Calgary’s Beltline has been growing in leaps and bounds since the community took the rather unusual step to develop its own vision document, “Blueprint for the Beltline” in 2003.
The vision - to create a vibrant community of 40,000 people by 2035.
Blueprint for success
Yes, the community produced its own vision, at its own cost and then presented it to the City. And, while the “Blueprint for the Beltline” had no official status with the City, it served as the catalyst to get the City to approve a new Beltline Area Redevelopment Plan in 2006. Ultimately, it resulted in the amalgamation of Connaught and Victoria Park, two of Calgary’s oldest communities with a population base of 17,500.
While the Blueprint identified the need for more amenities like green spaces, public realm improvements and character districts, it also embraced the idea that the community needed more density.
Yes, you read right. They wanted more high-rises and mid-rises as a means of creating a vibrant community with lots of urban amenities - grocery stores, shops, pubs, clubs, lounges, galleries, festivals, bike lanes and great streets.
So, while other communities protest new residential towers in their community, Beltliners have been embracing them for over a decade.
Blueprint for success
Indeed, the Beltline’s evolution as Calgary’s premier urban neighbourhood has been outstanding. It was Avenue Magazine’s Best Neighbourhood in 2015, 2016 and 2018 (slipping into second place in 2017). Last year, it was also Calgary’s fastest growing community with a population increase of 1,668, just edging out Saddleridge’s 1,656 newcomers.
This is definitely not a one year blip given the Beltline’s population has steadily increased by a healthy 3,530 since 2014 to 24,887.
Beautifying the Beltline
And yes, with the increased density has come a variety of improvements – including the new Barb Scott Park and Thomson Family, a lovely renovation to Memorial Park, a dedicated bike lane along 12thAve SW, infrastructure and sidewalk improvements to 17thAvenue SW and the 13thAvenue Greenway. As well, over the past two summers, the Beltline has been transformed into an intriguing outdoor art gallery with 11 major murals.
Link: Beltline Urban Mural Project
In addition, all of the underpasses linking the Beltline with downtown are getting mega makeovers to make them more pedestrian-friendly, benefitting the many Beltliners who work downtown. To date, the 8th and 2nd St SW and 4th St SE underpasses have been completed.
Condo vs Rental
In the early years of the Beltline renaissance, almost all of the new residential development were condominiums, of which some units were rentals. However, over the past few years, most of the residential development has been purpose-built rental towers.
And there are good reasons for the rise in rentals.
Probably the major reason is that 74% of Calgary’s rental properties are pre 1979, meaning they lack the amenities today’s urban dwellers, be that an empty nester or young professional, are looking for. Things like an ensuite bathroom, larger closets, washer and dryer in the unit, high ceilings and an open concept layout. Also, the new rental towers offer other desirable amenities like rooftop patios, BBQs and fire pits, games rooms, demonstration kitchens and even dog runs.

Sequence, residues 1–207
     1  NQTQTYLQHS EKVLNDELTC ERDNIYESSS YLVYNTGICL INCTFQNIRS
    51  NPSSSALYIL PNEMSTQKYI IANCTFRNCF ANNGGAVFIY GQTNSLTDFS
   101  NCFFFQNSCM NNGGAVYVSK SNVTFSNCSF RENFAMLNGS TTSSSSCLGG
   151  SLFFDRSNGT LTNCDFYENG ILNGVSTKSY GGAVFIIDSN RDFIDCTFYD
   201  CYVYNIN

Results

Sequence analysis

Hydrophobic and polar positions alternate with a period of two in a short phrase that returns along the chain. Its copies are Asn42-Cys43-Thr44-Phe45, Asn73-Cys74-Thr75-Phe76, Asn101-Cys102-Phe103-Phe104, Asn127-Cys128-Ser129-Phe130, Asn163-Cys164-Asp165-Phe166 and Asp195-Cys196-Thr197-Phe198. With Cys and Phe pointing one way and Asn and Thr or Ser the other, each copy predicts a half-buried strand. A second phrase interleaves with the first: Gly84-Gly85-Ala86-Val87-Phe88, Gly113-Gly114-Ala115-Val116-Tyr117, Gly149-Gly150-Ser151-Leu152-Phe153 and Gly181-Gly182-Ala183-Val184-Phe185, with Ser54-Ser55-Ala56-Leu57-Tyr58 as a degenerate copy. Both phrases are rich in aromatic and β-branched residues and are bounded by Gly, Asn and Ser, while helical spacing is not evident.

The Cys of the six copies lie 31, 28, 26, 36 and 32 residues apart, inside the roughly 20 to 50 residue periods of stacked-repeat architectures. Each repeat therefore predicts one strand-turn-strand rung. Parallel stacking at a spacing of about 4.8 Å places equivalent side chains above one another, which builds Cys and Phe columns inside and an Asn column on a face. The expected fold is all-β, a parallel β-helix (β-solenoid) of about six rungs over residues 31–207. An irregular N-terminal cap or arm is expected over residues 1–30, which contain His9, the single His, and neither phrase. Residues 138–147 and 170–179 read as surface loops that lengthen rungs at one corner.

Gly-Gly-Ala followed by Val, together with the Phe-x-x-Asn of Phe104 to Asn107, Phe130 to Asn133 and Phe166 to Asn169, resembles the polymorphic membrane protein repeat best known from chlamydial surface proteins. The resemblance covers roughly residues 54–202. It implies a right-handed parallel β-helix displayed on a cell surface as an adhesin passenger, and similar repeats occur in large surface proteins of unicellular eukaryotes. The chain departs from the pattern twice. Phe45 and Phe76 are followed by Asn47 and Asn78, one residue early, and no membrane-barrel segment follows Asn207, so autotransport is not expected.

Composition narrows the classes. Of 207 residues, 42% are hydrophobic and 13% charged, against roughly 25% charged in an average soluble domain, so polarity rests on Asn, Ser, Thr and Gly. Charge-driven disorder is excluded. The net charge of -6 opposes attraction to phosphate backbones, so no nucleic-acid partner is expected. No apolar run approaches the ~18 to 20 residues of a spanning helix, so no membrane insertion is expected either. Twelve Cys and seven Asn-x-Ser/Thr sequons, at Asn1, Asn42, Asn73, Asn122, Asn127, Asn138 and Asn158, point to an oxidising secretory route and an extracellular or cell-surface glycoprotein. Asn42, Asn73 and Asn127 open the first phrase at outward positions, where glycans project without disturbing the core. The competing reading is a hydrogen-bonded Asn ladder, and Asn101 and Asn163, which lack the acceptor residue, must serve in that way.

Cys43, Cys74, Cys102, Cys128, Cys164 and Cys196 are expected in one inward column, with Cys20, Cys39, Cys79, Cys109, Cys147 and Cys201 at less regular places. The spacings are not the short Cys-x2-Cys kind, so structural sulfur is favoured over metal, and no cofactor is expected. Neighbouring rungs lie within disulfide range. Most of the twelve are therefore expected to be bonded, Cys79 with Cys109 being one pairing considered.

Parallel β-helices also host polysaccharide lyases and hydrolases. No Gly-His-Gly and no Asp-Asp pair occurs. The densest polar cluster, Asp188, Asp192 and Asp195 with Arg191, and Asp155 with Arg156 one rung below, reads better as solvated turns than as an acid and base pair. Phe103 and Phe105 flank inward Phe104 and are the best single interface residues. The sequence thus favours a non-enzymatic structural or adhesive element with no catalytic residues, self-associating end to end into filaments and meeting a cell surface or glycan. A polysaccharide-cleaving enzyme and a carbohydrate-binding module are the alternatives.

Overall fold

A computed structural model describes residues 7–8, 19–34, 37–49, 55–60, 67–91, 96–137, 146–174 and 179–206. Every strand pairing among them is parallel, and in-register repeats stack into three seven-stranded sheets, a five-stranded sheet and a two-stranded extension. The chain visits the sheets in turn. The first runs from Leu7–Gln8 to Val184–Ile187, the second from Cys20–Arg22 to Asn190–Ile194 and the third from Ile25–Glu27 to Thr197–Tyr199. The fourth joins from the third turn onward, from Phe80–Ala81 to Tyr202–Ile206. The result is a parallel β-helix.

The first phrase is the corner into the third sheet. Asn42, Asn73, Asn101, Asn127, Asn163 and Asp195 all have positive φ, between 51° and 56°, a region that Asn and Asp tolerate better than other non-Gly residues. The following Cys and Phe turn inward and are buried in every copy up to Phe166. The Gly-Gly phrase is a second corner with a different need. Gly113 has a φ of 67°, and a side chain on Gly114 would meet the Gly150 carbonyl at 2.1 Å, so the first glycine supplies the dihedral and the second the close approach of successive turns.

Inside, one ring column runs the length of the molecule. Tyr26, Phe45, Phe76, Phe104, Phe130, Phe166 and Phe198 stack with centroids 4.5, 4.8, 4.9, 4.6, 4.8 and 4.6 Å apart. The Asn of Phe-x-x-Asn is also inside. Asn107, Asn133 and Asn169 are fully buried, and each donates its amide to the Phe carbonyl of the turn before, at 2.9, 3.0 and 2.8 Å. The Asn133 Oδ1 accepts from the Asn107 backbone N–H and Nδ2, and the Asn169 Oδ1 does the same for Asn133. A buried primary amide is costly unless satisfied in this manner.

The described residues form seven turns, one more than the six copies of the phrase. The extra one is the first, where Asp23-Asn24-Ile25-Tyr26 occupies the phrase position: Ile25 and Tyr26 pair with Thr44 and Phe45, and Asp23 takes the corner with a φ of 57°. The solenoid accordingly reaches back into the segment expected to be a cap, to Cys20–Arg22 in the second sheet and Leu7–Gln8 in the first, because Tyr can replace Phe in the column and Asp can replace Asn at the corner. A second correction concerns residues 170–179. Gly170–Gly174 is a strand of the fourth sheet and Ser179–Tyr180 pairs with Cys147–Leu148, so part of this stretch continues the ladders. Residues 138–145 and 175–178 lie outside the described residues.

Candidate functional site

There are currently seven new purpose-built Beltline residential towers at various stages of development, representing about 1,500 new homes coming on stream over the next few years.
I toured the recently completed SODO tower (10thAve just west of 5th Street SW) and it is more like a hotel than an apartment. Next up is One, Strategic Group’s 37-storey One tower with 379 new homes (201 - 10th Ave SE) including two luxury penthouse suites. Also, under construction is phase one of Hines’ 500 Block two tower project (461 homes) at the corner of 4th St and 12th Ave SW and The Underwood, 192 homes at 202 - 14th Ave SW.
Strategic Group is also finishing up the conversion of an older 7-storey office building across from the Midtown Co-op into a 65 funky residences, with rooftop amenities.
All of these new purpose-built rental buildings are designed to meet the growing demand for urban rentals in Calgary’s fastest growing community.
In addition, there are seven new condo towers, representing about 1,000 new homes, at various stages of development. This includes the recently completed Park Point, by Qualex Landmark (which has a second tower in the works) and the soon-to-be-occupied The Royal by Bosa Developments which includes a Canadian Tire urban format store and Urban Fare (opening soon). The “new kid” under construction is Intergulf’s 11th+ 11thproject which, at 44-storeys will be the tallest building in the Beltline.
The addition of purpose-built rental towers in the Beltline should be good news for condo developers and owners, as today’s renter is probably tomorrow’s buyer. In fact, the Canadian Home Builder’s Association’s Earncliffe National Poll documented that 79% of Canadian renters would like to own their own home (April 2018). And, BILD Calgary Region’s survey (June 2018) found 75% of Calgarians think owning a home provides greater financial security.
Great communities provide a diversity of housing options (rental and ownership) for people of all ages and backgrounds. It would remiss not to acknowledge the Beltline’s vision as Calgary’s premier urban community includes its fair share of social housing and services including the expansion of the Mustard Seed, the Sheldon Chumir Health Centre and the relocation of CUPS to the Beltline.
The addition of 2,500 new homes (for about 4,000 new residents) over the next few years will keep the Beltline on track to achieving its path to a population of 40,000 by 2035.
Note: This blog was published in the Calgary Herald’s New Condos feature on March 9th, 2019.